Keeping up my Halloween tradition of talking about things that went bump in the night, here are a few more 'oops' moments that I learned from. Maybe they will help you avoid similar mistakes.
One classic is not really mine, but just goes to show how easily things can go wrong. It involves a warehouse that I managed in my logistics days and for which we had taken on maintenance responsibility from the landlord.
The external cladding needed sandblasting and re-painting every 5-7 years and this was due a couple of years into my tenancy. I looked beyond the obvious and found an insulated cladding with a 20-22 year life between maintenance and, with the agreement of the landlord, had the existing material replaced. The new stuff cost £500,00 against a re-paint cost of £200,000, but with a life expectancy of around four re-paint cycles plus the energy savings from six inches of insulation, we were quids in.
Circumstances saw me move on, but the business that took the site over later became a client and about seven years later I called on them only to find that scaffolding was up around the warehouse.
Enquiries revealed that the landlord was doing the the periodic re-dec! A check of the site manual clearly showed that my project had gone ahead and that a re-dec was not needed so I made a call, but too late to stop a project that, at current values, was not only costing £300,000, but had also destroyed the long term integrity of the surface.
What a waste, even if it wasn't my money anymore, and all because no-one bothered to check the manual. Lesson learned; it doesn't matter how careful you are to communicate through multiple channels there will always be someone who just carries on regardless.
Also from my logistics days we had a need to make improvements to a small parts picking process and I had the opportunity of 15 people all due to retire over a two month period. Investing in some new technology would mean I could just lapse the jobs of those retiring and re-deploy people. Off we went to tender and the winning bid suggested that we needed two pieces of equipment instead of the three that we thought that we needed (and could afford).
The arguments were convincing and we contracted for two machines, but were not far into the switch over before it became apparent that we needed four. How did it go wrong? We never did quite bottom it out, for although the contract placed responsibility on the supplier to give us the right solution, in getting the drains up there was some ambiguity in what we had told them.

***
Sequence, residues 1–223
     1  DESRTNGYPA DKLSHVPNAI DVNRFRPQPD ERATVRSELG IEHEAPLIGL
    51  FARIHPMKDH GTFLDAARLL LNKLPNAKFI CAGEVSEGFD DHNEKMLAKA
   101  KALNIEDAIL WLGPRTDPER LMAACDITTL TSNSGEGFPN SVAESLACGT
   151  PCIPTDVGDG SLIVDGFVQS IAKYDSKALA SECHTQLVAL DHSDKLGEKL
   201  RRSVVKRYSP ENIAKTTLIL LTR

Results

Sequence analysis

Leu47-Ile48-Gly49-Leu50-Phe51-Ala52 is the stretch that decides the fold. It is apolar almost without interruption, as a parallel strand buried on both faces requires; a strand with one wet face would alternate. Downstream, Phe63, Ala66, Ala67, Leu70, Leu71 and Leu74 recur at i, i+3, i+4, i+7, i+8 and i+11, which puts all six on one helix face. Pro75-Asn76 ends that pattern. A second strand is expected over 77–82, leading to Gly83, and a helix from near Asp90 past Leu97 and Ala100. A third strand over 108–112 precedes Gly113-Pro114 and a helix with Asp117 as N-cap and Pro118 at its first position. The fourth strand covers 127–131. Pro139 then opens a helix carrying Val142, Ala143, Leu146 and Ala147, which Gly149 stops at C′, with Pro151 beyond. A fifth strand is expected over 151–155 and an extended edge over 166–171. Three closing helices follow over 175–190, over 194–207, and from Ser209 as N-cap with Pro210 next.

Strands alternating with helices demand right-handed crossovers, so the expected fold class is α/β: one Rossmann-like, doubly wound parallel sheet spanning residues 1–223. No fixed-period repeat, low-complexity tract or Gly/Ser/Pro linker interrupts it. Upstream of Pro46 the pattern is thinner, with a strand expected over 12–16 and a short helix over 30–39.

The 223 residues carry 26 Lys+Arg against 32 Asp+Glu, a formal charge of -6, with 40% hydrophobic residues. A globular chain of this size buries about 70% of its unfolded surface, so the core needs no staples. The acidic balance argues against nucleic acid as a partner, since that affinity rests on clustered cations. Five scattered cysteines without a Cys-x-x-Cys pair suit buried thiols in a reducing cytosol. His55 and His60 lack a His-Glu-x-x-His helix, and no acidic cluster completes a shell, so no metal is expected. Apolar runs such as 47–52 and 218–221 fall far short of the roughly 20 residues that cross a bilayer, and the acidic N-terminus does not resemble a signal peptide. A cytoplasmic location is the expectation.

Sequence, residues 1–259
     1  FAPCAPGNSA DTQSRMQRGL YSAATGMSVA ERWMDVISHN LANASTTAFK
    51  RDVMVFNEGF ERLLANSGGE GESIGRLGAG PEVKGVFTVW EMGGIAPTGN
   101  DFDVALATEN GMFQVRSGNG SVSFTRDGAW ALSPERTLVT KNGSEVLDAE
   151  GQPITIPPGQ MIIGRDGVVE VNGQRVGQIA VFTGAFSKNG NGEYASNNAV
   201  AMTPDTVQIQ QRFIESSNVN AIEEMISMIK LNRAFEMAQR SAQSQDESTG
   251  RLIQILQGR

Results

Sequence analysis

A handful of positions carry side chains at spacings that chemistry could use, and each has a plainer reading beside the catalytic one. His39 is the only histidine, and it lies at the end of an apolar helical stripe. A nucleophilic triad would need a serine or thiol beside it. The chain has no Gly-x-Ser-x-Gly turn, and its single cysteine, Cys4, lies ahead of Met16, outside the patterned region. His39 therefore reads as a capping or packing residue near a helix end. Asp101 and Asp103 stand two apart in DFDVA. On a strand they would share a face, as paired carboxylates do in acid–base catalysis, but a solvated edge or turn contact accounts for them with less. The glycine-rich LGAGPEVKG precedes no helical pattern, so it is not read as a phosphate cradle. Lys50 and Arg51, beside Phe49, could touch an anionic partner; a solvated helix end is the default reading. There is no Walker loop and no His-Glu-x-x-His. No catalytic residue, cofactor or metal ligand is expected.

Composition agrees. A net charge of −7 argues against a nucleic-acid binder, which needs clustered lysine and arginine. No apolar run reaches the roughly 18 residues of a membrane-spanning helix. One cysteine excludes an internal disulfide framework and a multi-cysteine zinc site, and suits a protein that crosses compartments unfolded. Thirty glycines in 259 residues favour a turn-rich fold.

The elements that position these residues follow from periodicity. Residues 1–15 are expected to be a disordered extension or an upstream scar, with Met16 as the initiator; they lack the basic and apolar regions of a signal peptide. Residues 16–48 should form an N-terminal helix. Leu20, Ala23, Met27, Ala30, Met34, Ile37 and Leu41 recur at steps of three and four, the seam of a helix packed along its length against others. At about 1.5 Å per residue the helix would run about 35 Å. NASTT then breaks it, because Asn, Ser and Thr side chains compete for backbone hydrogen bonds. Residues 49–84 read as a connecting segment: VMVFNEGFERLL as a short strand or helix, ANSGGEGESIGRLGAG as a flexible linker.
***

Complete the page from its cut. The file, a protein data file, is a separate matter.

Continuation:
The bottom line was that these were bespoke machines costing £25,000 each, so this was a serious issue. In the end we agreed to split the difference; I bought one extra machine and got one free and we agreed to do some supportive PR for the supplier. I had budgeted for three anyway, and the project, once we had got past the cock-up, was a great success.
So much so that the company regarded as the benchmark in small component supply in the UK asked to send a couple of their guys to study what we were doing. Lesson learned; you really need to bottom out why numbers don't match. It isn't about a lack of trust, it's about being sure that you understand, and sometimes the same terminology can mean different things to each party.
There was another twist in this project. Although we were perfectly qualified to do our own buying we were already both specifier and end user for this purchase and so, to comply with the need to separate powers for probity reasons, I asked the corporate purchasing team to handle the tender and contract award. There were only three companies in the UK who could do the job and we checked where to send the tender invitations. On the closing date only two responses had come in; one of the two front runners did not bid, so we went ahead with the best offer of the two we had in accordance with corporate rules.
A couple of months later we found out why they didn't bid. Corporate purchasing had placed a number of contracts with them for another part out the group and had an address on the newly created supplier database, but that office had been closed. Although the buyer had received a letter about the change and had updated her Filofax, the new fangled computer had not had its records changed. They didn't get the tender.
Lesson learned; always check the detail; we had had copies of the tender, but we didn't notice that the one address differed from the one we had provided.
John Bowen is an FM consultant